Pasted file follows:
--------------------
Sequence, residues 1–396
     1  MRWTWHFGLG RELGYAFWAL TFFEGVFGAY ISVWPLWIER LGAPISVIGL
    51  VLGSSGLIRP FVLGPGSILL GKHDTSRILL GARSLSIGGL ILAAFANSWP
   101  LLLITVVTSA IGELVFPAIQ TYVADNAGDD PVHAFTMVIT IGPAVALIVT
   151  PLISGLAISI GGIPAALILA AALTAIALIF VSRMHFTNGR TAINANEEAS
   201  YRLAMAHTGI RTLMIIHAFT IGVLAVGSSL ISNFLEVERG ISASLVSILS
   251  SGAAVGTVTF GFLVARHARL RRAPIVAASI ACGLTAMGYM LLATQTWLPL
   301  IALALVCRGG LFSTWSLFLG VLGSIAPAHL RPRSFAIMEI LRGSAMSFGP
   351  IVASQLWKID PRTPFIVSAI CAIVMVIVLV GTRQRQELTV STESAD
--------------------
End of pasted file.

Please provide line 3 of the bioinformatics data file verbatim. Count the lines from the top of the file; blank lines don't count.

    51  VLGSSGLIRP FVLGPGSILL GKHDTSRILL GARSLSIGGL ILAAFANSWP